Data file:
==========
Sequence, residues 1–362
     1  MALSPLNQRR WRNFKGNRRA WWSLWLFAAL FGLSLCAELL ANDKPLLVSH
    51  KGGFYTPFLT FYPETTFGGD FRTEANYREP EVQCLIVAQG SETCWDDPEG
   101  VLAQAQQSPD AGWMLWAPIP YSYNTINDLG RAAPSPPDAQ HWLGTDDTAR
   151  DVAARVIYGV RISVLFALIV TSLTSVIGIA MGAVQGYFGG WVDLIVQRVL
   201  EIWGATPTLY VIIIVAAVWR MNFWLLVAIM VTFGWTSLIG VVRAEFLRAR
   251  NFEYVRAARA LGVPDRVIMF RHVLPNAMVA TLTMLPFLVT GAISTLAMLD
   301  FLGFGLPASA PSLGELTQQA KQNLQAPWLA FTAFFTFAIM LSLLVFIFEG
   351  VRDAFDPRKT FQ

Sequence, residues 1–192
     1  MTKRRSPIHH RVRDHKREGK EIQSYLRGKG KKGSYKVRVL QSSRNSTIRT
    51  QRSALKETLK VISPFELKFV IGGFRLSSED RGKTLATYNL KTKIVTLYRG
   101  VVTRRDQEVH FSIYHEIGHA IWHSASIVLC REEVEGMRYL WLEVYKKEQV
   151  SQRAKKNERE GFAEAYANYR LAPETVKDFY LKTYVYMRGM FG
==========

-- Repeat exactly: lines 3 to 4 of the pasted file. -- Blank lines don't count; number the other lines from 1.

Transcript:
    51  KGGFYTPFLT FYPETTFGGD FRTEANYREP EVQCLIVAQG SETCWDDPEG
   101  VLAQAQQSPD AGWMLWAPIP YSYNTINDLG RAAPSPPDAQ HWLGTDDTAR